But I think my biggest pet peeve is when she tells me over and over to “BE SURE YOU’RE NOT LATE! I really want to be on time this time!” and then I get to her house ready and at least 30 minutes early and she hasn’t even started getting ready and we usually don’t leave the house until whatever event has already started. Now I’m not saying that I’m perfect and always on time. In fact, its pretty common for me to show up EXACTLY on time or 5 minutes late and theres always an excuse… which is really just bad planning, but it seems like being an hour and a half takes practice and planning on its own. How does someone do that consistantly every time?!

    Needless to say, I don’t go to movies with this lady! UGH!

  • Sarah Cox

    My punctuality varies. I’m not uptight about other people’s lateness unless it’s been over 20 minutes and they haven’t called to say what’s keeping them. I can also flip this around and say how I hate when people show up 20 minutes earlier than expected and make me feel rushed for no reason.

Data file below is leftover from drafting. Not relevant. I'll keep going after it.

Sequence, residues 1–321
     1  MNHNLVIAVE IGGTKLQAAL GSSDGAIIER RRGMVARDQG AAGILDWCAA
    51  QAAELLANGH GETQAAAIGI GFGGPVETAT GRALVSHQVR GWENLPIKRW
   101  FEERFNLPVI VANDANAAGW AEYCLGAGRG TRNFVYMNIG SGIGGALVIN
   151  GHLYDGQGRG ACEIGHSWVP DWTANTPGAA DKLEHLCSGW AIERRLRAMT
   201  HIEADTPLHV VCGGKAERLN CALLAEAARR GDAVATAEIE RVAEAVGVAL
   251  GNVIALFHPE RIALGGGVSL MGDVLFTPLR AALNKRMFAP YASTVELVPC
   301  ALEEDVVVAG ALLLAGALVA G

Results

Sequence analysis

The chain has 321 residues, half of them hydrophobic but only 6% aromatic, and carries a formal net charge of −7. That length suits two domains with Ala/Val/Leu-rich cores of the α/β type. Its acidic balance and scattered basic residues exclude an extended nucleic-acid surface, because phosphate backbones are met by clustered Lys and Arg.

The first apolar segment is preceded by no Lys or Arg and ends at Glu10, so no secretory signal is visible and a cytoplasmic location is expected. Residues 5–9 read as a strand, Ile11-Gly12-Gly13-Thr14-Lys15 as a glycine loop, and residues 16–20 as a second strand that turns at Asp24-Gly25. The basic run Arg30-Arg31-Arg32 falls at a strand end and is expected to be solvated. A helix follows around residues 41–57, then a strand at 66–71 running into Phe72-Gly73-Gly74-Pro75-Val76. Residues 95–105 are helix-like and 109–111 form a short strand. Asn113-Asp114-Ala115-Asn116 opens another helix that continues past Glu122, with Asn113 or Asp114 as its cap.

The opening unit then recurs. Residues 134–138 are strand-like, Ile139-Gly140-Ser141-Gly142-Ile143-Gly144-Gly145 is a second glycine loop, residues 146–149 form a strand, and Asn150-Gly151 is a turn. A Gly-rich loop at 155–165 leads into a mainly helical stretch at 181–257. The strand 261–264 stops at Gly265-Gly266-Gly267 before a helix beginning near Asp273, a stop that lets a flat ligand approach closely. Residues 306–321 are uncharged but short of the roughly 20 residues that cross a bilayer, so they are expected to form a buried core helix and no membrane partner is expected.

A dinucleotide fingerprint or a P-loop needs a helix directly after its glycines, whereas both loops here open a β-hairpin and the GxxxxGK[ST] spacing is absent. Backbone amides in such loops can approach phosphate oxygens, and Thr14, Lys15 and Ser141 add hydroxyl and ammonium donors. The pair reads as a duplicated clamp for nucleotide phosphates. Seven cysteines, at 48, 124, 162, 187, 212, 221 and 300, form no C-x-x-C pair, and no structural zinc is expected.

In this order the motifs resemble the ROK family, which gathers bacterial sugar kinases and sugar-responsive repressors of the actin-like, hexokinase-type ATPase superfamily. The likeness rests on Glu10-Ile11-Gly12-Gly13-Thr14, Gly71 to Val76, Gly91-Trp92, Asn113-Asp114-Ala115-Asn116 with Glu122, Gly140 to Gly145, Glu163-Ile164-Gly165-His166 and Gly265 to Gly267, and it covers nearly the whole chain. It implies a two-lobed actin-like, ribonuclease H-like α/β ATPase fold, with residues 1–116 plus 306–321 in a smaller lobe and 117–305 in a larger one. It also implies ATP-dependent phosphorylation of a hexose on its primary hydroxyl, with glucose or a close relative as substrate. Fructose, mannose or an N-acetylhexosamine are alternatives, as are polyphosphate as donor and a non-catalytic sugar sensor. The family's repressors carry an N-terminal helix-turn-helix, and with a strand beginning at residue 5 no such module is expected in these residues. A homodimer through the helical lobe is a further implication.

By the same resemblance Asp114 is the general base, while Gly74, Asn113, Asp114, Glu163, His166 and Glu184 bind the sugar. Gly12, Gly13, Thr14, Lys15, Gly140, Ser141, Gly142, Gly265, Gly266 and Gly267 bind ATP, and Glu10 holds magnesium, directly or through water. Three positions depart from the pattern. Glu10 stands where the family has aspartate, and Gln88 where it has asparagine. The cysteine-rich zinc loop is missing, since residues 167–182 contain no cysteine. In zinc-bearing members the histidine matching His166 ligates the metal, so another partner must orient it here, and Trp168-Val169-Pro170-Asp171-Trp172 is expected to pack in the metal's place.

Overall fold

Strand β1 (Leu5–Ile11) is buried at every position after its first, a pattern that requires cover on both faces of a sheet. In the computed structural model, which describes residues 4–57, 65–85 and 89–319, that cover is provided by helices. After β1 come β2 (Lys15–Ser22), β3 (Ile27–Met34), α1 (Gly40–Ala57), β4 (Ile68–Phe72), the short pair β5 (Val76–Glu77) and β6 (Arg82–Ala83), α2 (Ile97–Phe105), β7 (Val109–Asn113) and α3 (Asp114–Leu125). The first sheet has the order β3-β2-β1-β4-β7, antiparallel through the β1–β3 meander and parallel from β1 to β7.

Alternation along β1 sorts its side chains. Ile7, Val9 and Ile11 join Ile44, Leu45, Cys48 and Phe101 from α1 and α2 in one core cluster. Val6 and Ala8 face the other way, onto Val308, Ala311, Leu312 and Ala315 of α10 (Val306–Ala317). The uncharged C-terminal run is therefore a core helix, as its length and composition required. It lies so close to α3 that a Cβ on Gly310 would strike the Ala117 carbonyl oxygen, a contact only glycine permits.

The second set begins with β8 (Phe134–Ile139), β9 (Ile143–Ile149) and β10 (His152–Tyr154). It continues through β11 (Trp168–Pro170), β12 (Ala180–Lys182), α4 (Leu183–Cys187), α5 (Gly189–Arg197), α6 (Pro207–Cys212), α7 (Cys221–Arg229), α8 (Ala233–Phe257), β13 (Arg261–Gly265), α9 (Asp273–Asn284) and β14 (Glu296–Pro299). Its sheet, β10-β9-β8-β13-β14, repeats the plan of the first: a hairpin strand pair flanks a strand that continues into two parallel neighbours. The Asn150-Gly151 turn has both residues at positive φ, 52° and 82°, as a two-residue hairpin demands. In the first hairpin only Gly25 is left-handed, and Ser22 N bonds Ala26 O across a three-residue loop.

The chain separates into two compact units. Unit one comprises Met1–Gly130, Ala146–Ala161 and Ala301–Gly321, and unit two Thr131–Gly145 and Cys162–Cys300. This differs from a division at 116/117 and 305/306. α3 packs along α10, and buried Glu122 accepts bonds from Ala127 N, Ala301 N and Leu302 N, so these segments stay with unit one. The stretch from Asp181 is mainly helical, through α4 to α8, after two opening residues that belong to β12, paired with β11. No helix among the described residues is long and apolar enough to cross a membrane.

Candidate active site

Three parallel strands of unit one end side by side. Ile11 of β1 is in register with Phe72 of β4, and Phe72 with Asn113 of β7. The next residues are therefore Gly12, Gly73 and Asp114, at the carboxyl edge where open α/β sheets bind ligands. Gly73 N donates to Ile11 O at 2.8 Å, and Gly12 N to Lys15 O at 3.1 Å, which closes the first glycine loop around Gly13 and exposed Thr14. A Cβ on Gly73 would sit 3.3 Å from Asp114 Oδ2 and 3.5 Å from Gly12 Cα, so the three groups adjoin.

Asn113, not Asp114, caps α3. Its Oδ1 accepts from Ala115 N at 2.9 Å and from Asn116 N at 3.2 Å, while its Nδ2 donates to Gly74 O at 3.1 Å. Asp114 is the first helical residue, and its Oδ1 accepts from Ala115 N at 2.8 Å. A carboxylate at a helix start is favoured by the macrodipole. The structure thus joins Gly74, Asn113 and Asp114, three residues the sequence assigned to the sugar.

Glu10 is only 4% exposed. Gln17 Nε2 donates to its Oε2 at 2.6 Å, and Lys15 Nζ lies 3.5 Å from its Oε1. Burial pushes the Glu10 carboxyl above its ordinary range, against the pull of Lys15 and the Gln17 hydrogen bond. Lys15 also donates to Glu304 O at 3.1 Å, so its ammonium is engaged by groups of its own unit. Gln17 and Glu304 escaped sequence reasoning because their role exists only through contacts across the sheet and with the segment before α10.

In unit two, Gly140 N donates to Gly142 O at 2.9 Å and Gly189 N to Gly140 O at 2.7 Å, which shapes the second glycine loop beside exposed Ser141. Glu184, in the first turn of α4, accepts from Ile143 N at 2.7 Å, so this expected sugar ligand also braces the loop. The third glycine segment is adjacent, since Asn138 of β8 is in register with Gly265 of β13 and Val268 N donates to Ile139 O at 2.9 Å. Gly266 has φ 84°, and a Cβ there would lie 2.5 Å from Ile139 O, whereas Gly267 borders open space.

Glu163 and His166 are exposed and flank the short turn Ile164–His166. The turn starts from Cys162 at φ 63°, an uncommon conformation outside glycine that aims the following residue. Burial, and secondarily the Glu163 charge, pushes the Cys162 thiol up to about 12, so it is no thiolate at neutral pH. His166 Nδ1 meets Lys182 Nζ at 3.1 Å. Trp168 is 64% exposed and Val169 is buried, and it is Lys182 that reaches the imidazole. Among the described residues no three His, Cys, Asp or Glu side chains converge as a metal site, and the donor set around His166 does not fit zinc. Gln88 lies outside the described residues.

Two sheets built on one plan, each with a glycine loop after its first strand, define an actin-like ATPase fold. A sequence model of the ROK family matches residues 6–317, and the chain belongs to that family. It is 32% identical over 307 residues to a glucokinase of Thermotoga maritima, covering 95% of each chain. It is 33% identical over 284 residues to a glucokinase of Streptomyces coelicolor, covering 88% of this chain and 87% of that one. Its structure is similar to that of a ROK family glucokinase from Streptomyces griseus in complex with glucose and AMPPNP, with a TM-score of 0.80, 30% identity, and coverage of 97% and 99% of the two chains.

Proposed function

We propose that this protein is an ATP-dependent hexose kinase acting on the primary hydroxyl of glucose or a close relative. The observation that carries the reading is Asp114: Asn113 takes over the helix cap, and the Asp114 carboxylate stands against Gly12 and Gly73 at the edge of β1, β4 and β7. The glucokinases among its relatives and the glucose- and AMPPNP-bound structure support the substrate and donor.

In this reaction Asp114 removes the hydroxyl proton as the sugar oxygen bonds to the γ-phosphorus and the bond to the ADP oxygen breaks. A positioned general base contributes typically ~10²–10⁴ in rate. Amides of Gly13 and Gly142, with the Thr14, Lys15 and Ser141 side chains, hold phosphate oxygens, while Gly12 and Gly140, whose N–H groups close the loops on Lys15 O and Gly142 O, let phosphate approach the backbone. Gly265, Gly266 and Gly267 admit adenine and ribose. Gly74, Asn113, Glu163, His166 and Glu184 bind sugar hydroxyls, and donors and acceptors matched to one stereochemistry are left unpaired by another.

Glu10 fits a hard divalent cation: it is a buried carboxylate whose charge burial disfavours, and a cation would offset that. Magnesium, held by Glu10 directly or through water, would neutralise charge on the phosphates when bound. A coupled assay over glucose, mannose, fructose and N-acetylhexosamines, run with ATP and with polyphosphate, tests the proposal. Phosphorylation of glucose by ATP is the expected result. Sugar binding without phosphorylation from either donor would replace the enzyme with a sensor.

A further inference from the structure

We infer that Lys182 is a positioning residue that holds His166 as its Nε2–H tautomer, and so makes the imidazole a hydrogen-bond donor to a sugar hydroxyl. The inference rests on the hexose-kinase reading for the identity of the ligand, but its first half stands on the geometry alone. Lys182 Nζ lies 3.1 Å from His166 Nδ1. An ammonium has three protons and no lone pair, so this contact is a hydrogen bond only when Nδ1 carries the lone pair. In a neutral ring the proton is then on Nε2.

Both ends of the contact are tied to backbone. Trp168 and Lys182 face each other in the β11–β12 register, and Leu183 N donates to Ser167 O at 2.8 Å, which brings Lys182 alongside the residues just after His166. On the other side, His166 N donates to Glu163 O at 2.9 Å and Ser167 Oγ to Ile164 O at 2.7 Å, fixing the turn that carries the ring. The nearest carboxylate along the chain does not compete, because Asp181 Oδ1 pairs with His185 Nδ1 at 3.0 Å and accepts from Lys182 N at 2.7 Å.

• Emily Spaulding

    I do agree that being late is rude, selfish and inconsiderate to those who are waiting for you. I have been chronically late my ENTIRE life. No matter how early I planned things out, even if I started getting ready 2 hours before my appointment I still would wind up being late. Hell, I even was late to my own father’s funeral service. I’ve also had many situations where I have been late and completely embarrassed by it. I later found out that this is in fact a symptom of ADHD/ADD *which I was diagnosed with about a year and a half ago*. I’m just saying that as much as lateness is annoying and as I said before rude, selfish and inconsiderate….the latecomer may have issues of their own and may feel at times that it is somewhat out of their control.

    • Megan Younce

      Same!! I don’t know what’s wrong with me. Even if I plan earlier, something will happen that makes me late. No matter what. My mother is the same way, and I’ve always teased that she has ADHD, but honestly, I wouldn’t be surprised if she and I were both diagnosed.

  • Jason Carstens

    this is why I don’t give “exact” times of when I will show up, I usually give a “window” of about 2 – 3 hours of approximate time I will be there.